The first time I heard about the carillon four years ago, I was standing at the base of UC Berkeley’s beloved Campanile. Peering up, up, up at the 61 bells that loomed impressively from the top of our 307-ft tall bell and clock tower, the first word that came to mind was “Wow!” Ever since I’ve heard about this majestic instrument, I’ve wanted to learn how to play it. This semester, I am one of twelve lucky students in the Carillon DeCal, a class facilitated by two experienced carillon students. We will be having weekly private lessons, and at the end of the semester, I will be playing the bells for the entire campus to hear!
This past Saturday on February 28, over 2,000 attendees packed Zellerbach Hall for TEDxBerkeley, an independently organized TED (Technology, Entertainment, Design) event. Centered around the theme of wisdom, compassion, and connection, this year’s TEDxBerkeley featured 21 speakers and performances on an array of topics, including Ebola, forgiveness, computing literacy and gender equity, and happiness.
My friend, Erin Roberts, curator of TEDxBerkeley, and her TEDx team, had been working hard all year to coordinate the event, and it was exciting to see everything come together so beautifully. As a volunteer for TEDxBerkeley, I had the opportunity to see some of the behind-the-scenes aspects, as I served lunch to attendees, transported heavy items around Zellerbach Hall, and assisted with security backstage. It was my first time in the backstage of Zellerbach, and it was an amazing experience meeting the speakers, cheering them on before and after their talks, and seeing their warm interactions with each other.
One of the best aspects of UC Berkeley’s location is its proximity to San Francisco, located just 15 miles and half an hour away by public transportation. In addition to being home to the Golden Gate Bridge, amazing food places, and beautiful beaches, San Francisco is also a culturally rich city with many museums and performance centers.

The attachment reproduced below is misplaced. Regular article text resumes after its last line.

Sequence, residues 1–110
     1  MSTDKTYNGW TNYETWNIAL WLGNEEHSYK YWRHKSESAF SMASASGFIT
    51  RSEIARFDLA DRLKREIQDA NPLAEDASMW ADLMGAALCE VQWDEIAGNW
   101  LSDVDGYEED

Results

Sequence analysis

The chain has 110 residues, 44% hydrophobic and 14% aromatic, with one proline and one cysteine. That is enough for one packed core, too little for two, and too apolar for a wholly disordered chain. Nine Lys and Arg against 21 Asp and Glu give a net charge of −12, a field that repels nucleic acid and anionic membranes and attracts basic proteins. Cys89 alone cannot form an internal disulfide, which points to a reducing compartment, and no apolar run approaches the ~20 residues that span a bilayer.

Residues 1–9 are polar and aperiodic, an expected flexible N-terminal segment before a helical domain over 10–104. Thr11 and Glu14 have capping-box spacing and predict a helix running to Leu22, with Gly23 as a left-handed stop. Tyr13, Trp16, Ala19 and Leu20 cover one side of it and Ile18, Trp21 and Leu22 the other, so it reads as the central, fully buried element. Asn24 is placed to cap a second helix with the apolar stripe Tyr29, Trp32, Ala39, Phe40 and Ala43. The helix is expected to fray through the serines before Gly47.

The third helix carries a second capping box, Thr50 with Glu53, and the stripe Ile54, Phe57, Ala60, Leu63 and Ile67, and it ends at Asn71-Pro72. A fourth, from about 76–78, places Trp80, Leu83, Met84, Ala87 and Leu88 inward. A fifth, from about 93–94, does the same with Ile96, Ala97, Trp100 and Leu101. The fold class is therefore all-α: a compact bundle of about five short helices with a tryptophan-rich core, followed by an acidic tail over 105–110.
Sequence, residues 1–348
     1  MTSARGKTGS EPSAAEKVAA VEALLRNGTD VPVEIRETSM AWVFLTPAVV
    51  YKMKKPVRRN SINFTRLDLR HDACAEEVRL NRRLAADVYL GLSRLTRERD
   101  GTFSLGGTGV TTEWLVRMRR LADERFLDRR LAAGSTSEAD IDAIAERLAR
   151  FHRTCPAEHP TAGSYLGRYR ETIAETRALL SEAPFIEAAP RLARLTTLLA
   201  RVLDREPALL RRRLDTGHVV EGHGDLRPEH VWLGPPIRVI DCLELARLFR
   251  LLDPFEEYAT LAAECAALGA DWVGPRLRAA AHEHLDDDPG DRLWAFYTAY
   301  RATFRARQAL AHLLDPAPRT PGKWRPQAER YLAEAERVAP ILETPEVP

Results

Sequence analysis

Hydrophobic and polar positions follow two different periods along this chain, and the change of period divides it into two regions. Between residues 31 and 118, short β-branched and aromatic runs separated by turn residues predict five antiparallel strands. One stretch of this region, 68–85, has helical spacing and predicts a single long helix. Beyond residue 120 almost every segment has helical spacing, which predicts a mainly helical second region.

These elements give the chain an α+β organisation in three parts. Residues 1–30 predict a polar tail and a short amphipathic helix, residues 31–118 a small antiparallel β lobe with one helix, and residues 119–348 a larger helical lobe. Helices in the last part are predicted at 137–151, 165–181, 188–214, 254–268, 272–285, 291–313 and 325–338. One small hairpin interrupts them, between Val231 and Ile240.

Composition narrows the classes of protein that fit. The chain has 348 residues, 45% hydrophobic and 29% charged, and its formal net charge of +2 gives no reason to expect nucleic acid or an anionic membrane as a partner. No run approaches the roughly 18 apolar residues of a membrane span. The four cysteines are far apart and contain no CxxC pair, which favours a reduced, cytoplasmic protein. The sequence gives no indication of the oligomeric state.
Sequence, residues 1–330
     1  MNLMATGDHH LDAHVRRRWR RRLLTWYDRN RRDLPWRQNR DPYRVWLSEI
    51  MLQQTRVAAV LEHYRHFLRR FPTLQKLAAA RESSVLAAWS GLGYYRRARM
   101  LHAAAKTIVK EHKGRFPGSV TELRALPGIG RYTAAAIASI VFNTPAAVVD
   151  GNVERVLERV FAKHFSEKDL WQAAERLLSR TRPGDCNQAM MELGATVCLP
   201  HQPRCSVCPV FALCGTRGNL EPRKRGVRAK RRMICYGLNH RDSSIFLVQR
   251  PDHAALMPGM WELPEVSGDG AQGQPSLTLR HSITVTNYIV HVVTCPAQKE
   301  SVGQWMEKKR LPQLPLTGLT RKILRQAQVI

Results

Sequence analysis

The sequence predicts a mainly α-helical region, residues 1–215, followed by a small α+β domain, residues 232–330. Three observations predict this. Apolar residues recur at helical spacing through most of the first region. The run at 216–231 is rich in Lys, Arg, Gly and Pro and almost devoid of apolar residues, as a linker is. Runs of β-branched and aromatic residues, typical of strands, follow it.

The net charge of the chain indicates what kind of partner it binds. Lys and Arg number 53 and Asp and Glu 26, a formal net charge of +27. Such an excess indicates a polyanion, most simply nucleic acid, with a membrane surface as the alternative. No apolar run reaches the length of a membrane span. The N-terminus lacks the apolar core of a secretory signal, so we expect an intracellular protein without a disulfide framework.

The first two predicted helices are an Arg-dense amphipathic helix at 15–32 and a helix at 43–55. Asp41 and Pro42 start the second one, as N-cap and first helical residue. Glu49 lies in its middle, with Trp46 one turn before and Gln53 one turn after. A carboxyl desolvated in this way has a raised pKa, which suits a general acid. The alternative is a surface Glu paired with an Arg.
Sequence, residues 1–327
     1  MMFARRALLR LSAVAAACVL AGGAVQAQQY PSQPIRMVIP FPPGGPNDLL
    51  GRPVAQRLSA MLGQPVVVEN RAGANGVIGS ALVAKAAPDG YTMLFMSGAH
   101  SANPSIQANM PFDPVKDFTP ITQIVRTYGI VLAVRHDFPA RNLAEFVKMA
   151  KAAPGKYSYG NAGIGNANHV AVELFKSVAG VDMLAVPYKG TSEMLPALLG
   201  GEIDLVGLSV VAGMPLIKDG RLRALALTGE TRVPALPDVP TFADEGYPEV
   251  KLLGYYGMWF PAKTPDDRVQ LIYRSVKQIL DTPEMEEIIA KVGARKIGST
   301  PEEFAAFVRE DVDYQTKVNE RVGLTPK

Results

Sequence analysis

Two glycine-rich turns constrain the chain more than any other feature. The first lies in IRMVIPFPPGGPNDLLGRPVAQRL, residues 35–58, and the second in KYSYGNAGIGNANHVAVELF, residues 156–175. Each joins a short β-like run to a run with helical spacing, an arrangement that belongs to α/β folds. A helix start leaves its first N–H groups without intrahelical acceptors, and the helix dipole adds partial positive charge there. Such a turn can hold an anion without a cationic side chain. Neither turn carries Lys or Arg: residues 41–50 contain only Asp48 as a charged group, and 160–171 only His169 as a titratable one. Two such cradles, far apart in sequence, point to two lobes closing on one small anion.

This past Saturday, I went with friends to see Disney’s Production of Newsies, in the Orpheum Theatre in San Francisco. It was an incredible performance! I was blown away by the choreography—the split jumps, aerials, and high-energy kicks—the funny storyline, and the talented singing and acting. For almost the entire musical, I was leaning forward on the tip of my balcony seat, eagerly soaking in everything happening on the stage below.
Last Tuesday, I went to a birthday party for our campus clock and bell tower and –yes- you read that sentence correctly.
UC Berkeley’s Sather Tower, commonly known on campus as the Campanile, is celebrating its 100th anniversary in 2015 and the campus is hosting events all year long to commemorate our beloved landmark.
Around 6:30 p.m., my friends and I gathered with other students, alumni, faculty and visitors to hear a truly unique carillon performance. Usually, Sather Tower helps keeps me on track by tolling on the hour to mark the time but tonight’s performance was unique because the Berkeley Center for New Media used data from UC Berkeley’s seismometer, which is located in the Hayward Fault, to produce a show with both lights and music mirroring real-time movement inside the fault. The performance was truly amazing – it was entertaining to watch, but also amazing to think about the amount of work and creativity that brought it to life. That’s one of my favorite things about UC Berkeley’s students and faculty – creative applications of science.